There are almost one million school-age Syrian refugees living in Turkey. Since 2011, Turkey has spent $30 billion on the refugee situation - with a big focus on education. Read more on our website
footnote entry from world most popular families-educators newsletter in 2024
Here's an entry from the current newsletter:
"Now that TCs are universal and can access libraries of books, 3-d video, computer programs, you name it, it is clear that the tasks of both the Educator and the Communicator are far more stimulating that ten years ago.
One of my recent lessons with my ten-year-old daughter Julie was in art appreciation. In the standard art appreciation course the TC shows replicas of famous artists' pictures, and a computer asks the pupil to match the artist to the picture. Julie said to the computer that it would be fun to see Constable's Haywain as Picasso might have drawn it. The computer obliged with its interpretation , and then ten more stylised haywains appeared together with the question 'who might have drawn these?'. I believe we are the first to have prompted the TC along this road, but it may now become a standard question when the computer recognises a child with similar learning patterns to Julie's.
It is sometimes said that today's isolated sort of teaching has robbed children of the capacity to play and interact with other children. This is nonsense. We ensure that Julie and her four year old brother Pharon have lots of time to play with children in our neighbourhood . But in work we do prefer to interact with children who are of mutual advantage to Julie and to each other. The computer is an ace teacher, but so are people. You really learn things if you can teach them to someone else. Our computer has helped us to find a group of four including Julie with common interests, who each have expertise in some particular areas to teach the others.
The TC also makes it easier to play games within the family. My parents used to play draughts, halma, then chess with me. They used to try to be nice to me and let me win. This condescending kindness humiliated me, and I always worked frenetically to beat my younger brother (who therefore always lost and dissolved into tears.) Today Julie, Pharon and I play halma together against the graded computer, and Julie and I play it at chess. The computer knows Pharon's standard of play at halma and Julie's and mine at chess. Its default setting is at that level where each of us can win but only if we play at our best. Thus Pharon sometimes wins his halma game while Julie and I are simultaneously losing our chess game, and this rightly gives Pharon a feeling of achievement. When Julie and I have lost at chess, we usually ask the computer to re-rerun the game, stopping at out nmistakes and giving a commentary. As it is a friendly computer it does a marvelous job of consoling us. Last week it told Julie that the world champion actually once made the same mistake as she had done - would she like to see that game?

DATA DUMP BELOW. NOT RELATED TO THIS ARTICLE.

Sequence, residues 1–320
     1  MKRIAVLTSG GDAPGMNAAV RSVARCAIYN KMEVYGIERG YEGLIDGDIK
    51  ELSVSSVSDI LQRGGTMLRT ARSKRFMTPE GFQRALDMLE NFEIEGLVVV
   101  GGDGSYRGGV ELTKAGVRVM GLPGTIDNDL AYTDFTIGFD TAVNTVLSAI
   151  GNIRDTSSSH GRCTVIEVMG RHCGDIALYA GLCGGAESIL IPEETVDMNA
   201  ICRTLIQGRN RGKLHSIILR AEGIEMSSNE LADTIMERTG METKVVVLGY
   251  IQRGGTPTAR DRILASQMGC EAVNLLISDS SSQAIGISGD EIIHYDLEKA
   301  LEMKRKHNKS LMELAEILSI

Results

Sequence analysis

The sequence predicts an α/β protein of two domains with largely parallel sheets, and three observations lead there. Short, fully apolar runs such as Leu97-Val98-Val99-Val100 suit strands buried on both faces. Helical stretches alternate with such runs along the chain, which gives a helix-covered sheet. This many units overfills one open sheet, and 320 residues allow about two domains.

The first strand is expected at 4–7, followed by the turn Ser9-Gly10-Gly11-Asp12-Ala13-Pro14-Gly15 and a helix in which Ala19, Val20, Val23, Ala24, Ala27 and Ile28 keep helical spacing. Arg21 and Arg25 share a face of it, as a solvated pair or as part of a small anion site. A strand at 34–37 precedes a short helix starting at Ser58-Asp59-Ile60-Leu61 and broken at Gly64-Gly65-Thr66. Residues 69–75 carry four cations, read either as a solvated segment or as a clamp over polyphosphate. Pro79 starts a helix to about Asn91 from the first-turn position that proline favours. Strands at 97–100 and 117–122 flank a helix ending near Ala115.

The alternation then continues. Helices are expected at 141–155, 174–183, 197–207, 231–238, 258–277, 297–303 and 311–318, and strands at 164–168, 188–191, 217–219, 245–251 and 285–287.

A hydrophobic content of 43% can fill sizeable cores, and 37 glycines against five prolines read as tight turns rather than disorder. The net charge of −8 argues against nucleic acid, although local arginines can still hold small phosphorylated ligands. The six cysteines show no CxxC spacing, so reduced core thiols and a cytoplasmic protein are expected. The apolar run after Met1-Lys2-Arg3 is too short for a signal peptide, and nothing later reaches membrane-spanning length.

I intend to devote the next two letters to the subjects I have discussed here , but retailing the best of your suggestions instead of droning on with mine."
While the computer's role in children's education is mainly that of instructor (discovering a child's learning pattern and responding to it) and learning group matcher, its main role in higher education is as a store of knowledge. Although a computer can only know what Man has taught it, it has this huge advantage. No individual man lives or studies long enough to imbibe within himself all the skills and resources that are the product of the millennia of man's quest for knowledge, all the riches and details from man's inheritance of learning passed on from generation to generation. But any computer today can inherit and call up instantly any skill which exists anywhere in the form of a program.
This is why automatically updated databases are today the principal instruments of higher education and academic research. It is difficult for our generation to conceive that only forty years ago our scientists acted as tortoise-like discoverers of knowledge, confined to small and jealous cliques with random and restricted methods of communicating ideas. Down until the 1980s the world has several hundred sepaate cancer research organisations with no central co-ordinating database.